Translated by Gordon Burgess.

Thomas White

Love and Pain

Sacrifices Of Love

„[T]here was no meaning
anywhere outside their
own hearts“
Graham Greene

They were unashamed lovers,
Like ancient Aztec priests
Ripping out each other’s
Hearts: burnt offerings to gods
Who lord over riotous feasts,
Scavenged by passion-hungry mobs.
But jealousy was the still sharper knife
That finally brought some peace
To the moans of the lovers‘ sacrifice.
Splattered temples of their souls
Are now the refuge of sad beasts
Who mildly graze in a world gone cold.

The Incredible Shrinking Bohemian

At times like these – of too many coffees, of too many discarded illusions – Bill Kroth’s memory conjured up fragments of the 50s‘ horror flick, The Incredible Shrinking man. What vaguely floated back to him was the ultimate loser, a man who somehow, Bill can’t remember exactly why or how, was touched with nuclear fall-out and who thus poisoned shrank absurdly into a ridiculous gesticulating little figure, harassed by a gargantuan house cat, finally doing battle against a mammoth spider in the basement of his own house – a sort of pseudo-Kafka-style „Metamorphosis‘ for the early Nuclear Age. Bill smiled slightly at his clever literary talents.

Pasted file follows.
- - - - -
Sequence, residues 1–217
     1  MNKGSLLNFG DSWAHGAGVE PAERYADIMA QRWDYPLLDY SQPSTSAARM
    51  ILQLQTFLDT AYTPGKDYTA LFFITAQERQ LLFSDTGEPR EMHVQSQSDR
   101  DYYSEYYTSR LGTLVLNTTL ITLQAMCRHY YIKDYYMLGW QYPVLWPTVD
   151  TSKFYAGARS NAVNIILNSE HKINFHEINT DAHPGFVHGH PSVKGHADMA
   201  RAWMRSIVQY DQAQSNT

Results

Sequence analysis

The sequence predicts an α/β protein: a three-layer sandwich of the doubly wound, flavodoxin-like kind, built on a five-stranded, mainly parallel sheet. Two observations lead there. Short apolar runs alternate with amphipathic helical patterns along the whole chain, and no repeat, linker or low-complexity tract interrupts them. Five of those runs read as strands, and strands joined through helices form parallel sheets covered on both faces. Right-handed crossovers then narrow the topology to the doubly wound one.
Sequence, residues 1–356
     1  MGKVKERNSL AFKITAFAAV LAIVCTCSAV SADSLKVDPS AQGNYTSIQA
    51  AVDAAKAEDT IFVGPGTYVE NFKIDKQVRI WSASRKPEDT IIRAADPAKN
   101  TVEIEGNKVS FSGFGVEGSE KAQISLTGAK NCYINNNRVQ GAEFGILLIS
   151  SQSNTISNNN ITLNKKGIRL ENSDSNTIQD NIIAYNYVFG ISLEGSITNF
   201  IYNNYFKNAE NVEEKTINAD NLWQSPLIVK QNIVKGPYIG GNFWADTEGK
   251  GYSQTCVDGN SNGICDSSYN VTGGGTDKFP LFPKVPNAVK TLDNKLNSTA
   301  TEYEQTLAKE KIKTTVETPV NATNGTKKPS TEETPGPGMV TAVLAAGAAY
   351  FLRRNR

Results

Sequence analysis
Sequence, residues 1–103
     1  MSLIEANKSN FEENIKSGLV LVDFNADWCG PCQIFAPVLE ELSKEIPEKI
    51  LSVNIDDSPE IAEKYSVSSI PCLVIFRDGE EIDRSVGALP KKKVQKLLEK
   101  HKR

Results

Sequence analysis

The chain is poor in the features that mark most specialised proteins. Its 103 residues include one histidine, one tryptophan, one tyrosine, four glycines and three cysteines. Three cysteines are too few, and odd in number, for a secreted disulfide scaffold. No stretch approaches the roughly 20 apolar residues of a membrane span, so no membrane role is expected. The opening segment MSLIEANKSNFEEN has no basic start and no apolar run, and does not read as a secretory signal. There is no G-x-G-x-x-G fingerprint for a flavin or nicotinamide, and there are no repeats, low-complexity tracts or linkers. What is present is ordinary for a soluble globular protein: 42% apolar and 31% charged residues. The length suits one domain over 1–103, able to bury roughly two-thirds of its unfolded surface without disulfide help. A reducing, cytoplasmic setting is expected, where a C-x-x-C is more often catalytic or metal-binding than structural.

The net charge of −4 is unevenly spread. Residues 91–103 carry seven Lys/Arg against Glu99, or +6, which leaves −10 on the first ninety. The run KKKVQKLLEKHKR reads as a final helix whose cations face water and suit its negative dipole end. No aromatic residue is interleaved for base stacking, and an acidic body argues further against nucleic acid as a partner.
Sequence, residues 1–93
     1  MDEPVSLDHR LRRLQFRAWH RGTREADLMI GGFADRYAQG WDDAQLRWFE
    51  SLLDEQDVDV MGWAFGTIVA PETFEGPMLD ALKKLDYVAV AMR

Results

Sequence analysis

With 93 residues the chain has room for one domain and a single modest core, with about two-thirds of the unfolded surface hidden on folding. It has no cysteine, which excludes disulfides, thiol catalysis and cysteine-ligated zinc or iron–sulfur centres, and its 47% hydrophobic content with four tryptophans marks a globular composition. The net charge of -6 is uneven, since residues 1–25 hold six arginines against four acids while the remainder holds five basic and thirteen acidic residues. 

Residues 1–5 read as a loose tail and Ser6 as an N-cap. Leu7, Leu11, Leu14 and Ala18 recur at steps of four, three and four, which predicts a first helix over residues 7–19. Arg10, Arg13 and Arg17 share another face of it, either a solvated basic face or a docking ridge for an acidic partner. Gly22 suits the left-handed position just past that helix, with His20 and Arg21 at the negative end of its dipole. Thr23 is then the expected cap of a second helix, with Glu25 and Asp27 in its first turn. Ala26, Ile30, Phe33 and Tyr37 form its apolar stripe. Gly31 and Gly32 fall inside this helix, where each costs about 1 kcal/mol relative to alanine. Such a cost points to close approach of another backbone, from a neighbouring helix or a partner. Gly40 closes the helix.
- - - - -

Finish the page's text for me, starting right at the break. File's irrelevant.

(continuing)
A bit of a self-fancied film buff-historian, frustrated script writer and philosophy major drop-out – a man of huge ambitions but the author of a rather brief resume – he wondered if there had been any effort to remake this film to conform to the tastes of the modern audience. His mind is instantly filled with a thousand and one scenarios he could submit to contests or producers. First there is himself – reduced to the size of a match stick – taking up brave arms against the cockroach infestations of this Eastern Suburb café – a darkly comedic script which would yet contain a timely and trendy (a box office necessity) warning against a bioengineering technology run amok. (His protagonist and main character – but maybe not use himself, a business-type might be more appropriate – answers a false ad seeking „subjects“ for a new treatment for chronic bad breath. Instead he wakes up as the New Shrinking Man – the offspring of a ghastly genetic experiment gone terribly wrong). An even wider more self-satisfied grin crosses his face: Wow! This story „has legs“ and they are NOT short. Bill chuckles at the thought of his anti- hero constantly losing height, buying new suits every 3 or 4 months, finally getting sacked because his body cannot rise above his desk thuspreventing his manager from noting whether Bill is even performing his assigned duties, perhaps a landmark industrial relations action or workers‘ compo claim follows, a bit of social/political satire would find its perfect venue in these scenes. Then sadly, but still humorously, the day of reckoning: His heretofore loyal wife declares that she is finally leaving him. His sex organ has diminished to the size of a „pin prick“. (Smugly, Bill almost laughs out loud at his own cleverness). Even desperate promises from the shrunken man that one day (and soon) he can offer unique sexual satisfactions such as crawling between her legs and tickling her clit madly do not suffice. Bill envisions the final scenes: The New Shrunken Man barely keeping his head above the towering threads of the pile carpet watches his wife’s ocean-liner sized high heeled shoes bound gently across the soft fabric desert of the living room toward the skyscraper of the front door, the door knob a huge brass alien moon in the morning light, her long, gaily –pinkish fingernails approaching it like the pointed heads of missiles, leaving him behind in this vast universe of a house vulnerable to everything from a vacuum cleaner to vengeful household pests…